This year I commend to you the Year of Mercy. A year of grace, agape, kindness, tenderness, respect and absolution. A year of hope.

See you in church!
Pastor Tom

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Wednesday, December 16, 2015


As I write this in mid November, I still have three pumpkins on my front porch. Down the street a house still glows at night with orange lights, plastic skeletons, and Styrofoam tombstones. There are a few stray pieces of Halloween candy left in the church kitchen along with a bowl of candy corn from the pot-luck last week. We have made plans to have Thanksgiving dinner with family. I have been looking in the basement for the box with our Advent wreath in it and Happy Holidays is up and ablaze on the neighbor's roof. What holiday comes next anyway?

The big story in the news is whether retail stores will open on Thanksgiving Day or open early or at all on Black Friday. REI, the camping and hiking store, just announced that it will be closed on Thanksgiving Day AND Black Friday taking the high, politically correct road. Their announcement cajoled us to go outside and play instead of shop.
Is it just me or does the expectancy in the air get earlier and earlier each year? Retailers depend on Christmas for a major part of their annual income. Inventory gets piled to the ceiling in the box stores and impulse buying becomes a way of life.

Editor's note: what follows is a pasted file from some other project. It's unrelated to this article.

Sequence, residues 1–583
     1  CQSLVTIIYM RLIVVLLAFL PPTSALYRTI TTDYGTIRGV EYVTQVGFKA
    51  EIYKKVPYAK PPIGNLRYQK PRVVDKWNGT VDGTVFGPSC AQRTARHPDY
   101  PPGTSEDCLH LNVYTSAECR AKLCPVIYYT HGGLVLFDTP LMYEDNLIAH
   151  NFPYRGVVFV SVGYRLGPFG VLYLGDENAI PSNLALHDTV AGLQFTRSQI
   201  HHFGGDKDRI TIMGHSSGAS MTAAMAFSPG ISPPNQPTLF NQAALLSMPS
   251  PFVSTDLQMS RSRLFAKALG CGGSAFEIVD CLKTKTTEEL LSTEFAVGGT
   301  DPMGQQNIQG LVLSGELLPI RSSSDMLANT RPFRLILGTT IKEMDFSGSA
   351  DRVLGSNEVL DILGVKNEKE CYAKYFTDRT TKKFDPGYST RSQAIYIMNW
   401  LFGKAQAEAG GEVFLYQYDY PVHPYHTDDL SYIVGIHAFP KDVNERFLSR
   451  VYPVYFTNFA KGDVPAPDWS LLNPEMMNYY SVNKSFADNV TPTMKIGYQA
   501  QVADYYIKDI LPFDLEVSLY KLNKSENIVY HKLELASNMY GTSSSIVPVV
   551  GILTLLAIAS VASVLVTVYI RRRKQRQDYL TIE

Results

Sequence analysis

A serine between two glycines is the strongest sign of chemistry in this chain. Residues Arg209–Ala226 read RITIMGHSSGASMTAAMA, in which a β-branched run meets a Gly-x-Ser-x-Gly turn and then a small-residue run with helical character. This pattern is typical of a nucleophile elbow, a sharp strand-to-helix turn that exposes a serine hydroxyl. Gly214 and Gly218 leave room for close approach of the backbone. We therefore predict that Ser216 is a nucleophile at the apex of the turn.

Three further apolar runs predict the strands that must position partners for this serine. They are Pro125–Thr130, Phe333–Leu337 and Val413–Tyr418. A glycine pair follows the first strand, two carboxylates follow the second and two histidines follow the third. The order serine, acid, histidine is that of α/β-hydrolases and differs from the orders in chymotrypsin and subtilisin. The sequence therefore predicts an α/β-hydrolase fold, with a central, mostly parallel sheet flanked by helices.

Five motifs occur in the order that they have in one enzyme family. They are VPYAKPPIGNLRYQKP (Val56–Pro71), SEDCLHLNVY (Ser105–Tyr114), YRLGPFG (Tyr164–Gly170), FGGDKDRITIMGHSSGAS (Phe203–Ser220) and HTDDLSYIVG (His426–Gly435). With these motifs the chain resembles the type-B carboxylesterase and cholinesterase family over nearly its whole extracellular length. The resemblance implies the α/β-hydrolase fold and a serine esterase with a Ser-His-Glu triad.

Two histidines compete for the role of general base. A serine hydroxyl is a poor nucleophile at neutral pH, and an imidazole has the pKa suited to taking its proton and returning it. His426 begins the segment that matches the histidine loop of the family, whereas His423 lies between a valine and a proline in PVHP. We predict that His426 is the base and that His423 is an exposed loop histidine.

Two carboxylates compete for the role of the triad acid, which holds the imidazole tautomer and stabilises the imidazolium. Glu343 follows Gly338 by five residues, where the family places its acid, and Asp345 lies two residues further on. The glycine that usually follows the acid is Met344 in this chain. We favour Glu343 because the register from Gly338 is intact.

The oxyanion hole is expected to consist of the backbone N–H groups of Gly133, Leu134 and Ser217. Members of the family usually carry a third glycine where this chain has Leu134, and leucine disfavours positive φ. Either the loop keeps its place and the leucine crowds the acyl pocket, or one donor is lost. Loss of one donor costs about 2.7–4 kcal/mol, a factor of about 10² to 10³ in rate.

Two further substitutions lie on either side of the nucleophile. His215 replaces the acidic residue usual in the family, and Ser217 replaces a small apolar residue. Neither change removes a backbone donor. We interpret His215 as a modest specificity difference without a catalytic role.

As Lutherans we know we are not perfect. We remind ourselves of this fact each week when we confess our sins in thought, word, and deed. The fantasy we have is that certainly there must be something perfect we can give to our children, our spouse or partner. Maybe we could give them a perfect day. And so we invest in Christmas what we would like to invest in the entire year. Consequently our expectations are as high as our pocketbooks are empty. We fill our homes with presents, baked goods, decorations and relatives and then wait for perfection in return.

Instead, by the end of Christmas Day, there are tears, arguments, let downs and disappointments. The perfect holiday we anticipated includes its own imperfections. And yet next year we'll try again because the human heart continues to long for the perfect day.
This year my hope for all of us it that we try and put aside the attempts at artificial perfection and work at keeping Advent simple and Christmas a time of sharing, peace, justice, community and acceptance.

On behalf of myself and Andra, thank you for letting us into your lives this past year; sharing deep pain, sorrow and loss, and great joy and surprises. Thanks for chauffeuring me around for six months, for your patience while my heart came back from hiatus, and for your continued love and support for me and for East Union.
How silently, how silently the wondrous gift is given.

Pastor Tom